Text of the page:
Kill Your ComputerBy Tim Moran | Posted 2011-06-16 Email Print
Re-Thinking HR: What Every CIO Needs to Know About Tomorrow's Workforce
Tiny computers and other offbeat technology news.
A View to a Kill
Ever get so frustrated with your creaky old computer that you’ve considered breaking the thing so your company will finally give you a new one? You are not alone. Only about 40 percent of companies complete their scheduled technology upgrades on time, according to recent research from Mozy. Delayed technology refresh cycles lead four workers in 10 to say that their aging computers make them less efficient and effective.
Some of the workers using antediluvian devices are mad as hell and they’re not going to take it anymore: One in four office workers, it seems, reckons that the best way to get a new work computer is to pick up a hammer and go after the offending machine. A quarter of the workers surveyed, in fact, think that “bending the rules” (although “breaking the rules” seems more accurate) is the fastest way to get a new device; 13 per cent said that deliberately smashing a laptop is the best route to get a new computer from the company.
How’s your tech upgrade looking? If you see any employees furtively walking the halls with a ball peen, it might be time for nice, new laptops all around.
It’s a Small-Computing World
Big computing has been all in the news lately, what with IBM’s Watson taking on the top contestants in Jeopardy!—and winning. But what about small computing?
Well, the University of Michigan reports that its Department of Electrical Engineering and Computer Science has prototyped an implantable eye-pressure monitor for glaucoma patients that is believed to contain the first complete millimeter-scale computing system. What’s more, it contains a self-tuning compact radio that could help organize these tiny systems into networks that could one day help track pollution, perform surveillance and make almost any object trackable.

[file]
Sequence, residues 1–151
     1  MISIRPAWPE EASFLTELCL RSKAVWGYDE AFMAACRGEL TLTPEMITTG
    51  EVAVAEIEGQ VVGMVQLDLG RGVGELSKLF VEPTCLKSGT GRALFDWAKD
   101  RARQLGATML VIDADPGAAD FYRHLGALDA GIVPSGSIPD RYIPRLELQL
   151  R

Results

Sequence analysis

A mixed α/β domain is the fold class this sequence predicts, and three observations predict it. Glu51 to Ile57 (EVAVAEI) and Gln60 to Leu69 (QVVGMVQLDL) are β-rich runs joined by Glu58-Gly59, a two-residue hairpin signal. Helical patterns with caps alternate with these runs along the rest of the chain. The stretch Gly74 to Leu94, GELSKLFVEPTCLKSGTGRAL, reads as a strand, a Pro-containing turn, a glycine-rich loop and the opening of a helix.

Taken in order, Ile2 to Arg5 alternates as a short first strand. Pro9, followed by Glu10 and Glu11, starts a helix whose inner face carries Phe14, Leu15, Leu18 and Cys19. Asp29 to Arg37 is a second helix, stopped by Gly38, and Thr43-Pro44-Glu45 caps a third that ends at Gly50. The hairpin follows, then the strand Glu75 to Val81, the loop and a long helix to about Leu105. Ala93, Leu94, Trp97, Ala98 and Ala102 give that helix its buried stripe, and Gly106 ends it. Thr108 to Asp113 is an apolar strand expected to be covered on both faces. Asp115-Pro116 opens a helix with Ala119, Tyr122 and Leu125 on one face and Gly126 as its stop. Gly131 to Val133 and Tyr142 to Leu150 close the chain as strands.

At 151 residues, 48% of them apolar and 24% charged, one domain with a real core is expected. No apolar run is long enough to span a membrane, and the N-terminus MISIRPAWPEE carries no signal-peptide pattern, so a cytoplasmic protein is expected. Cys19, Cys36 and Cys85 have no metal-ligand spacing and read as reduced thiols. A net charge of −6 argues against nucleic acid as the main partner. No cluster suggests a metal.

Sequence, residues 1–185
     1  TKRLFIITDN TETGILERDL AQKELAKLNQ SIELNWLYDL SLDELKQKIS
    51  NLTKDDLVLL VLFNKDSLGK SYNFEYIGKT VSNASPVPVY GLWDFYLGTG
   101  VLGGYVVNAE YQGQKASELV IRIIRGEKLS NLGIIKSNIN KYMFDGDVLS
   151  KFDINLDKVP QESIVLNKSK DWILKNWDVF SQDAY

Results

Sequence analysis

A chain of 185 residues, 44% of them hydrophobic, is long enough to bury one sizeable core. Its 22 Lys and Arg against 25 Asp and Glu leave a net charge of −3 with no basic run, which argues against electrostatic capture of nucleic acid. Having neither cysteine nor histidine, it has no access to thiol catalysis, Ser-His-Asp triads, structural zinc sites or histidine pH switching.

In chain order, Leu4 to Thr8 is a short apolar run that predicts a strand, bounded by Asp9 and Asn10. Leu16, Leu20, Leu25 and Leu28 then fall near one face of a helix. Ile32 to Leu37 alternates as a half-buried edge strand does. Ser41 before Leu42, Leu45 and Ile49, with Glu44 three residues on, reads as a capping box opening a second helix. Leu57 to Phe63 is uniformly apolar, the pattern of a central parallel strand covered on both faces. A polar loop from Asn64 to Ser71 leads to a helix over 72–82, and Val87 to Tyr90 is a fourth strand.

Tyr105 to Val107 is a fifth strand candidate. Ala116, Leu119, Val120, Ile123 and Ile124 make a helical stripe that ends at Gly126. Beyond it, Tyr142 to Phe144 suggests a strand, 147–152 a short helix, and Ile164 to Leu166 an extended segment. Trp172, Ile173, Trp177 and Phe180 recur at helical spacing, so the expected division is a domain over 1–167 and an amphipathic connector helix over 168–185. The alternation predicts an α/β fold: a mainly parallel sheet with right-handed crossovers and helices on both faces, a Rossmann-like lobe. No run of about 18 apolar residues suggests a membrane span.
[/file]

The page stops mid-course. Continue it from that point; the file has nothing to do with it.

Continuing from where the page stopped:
The U-M researchers—Dennis Sylvester, David Blaauw and David Wentzloff—explain that “nearly invisible millimeter-scale systems could enable ubiquitous computing.” This is the future, they say, and it’s the result of Bell’s Law, a corollary to Moore’s Law, which says there’s a new class of smaller, cheaper computers about every decade. So look out, Watson, one day a couple of hundred thousand of these guys might just beat you, if not on Jeopardy!, at least on Cash Cab.
I’m Not Sleeping … or Am I?
It’s late and I should be sleeping—or at least reading some gothic fiction preparatory to sleeping. Instead, I’m writing this “Scope” entry about what happens when you don’t sleep. What effect does working late and becoming somewhat sleep-deprived have on us and our work?
Researchers affiliated with the University of Wisconsin-Madison and PERCRO Laboratory, in Italy, have found that lack of sleep is tantamount to mental impairment, and it seriously affects both cognitive and motor skills. When sleep-deprived, small areas of the brain go to sleep even though, for all practical purposes, the brain is awake. During sleep deprivation, neurons in the brain switch between “on” periods, firing as in the awake brain, and “off” periods, when they stop firing altogether.
Sounds a bit like the binary workings of a computer to me, but, then again, I am a bit tired. Maybe this is what happens when your laptop goes into hibernation.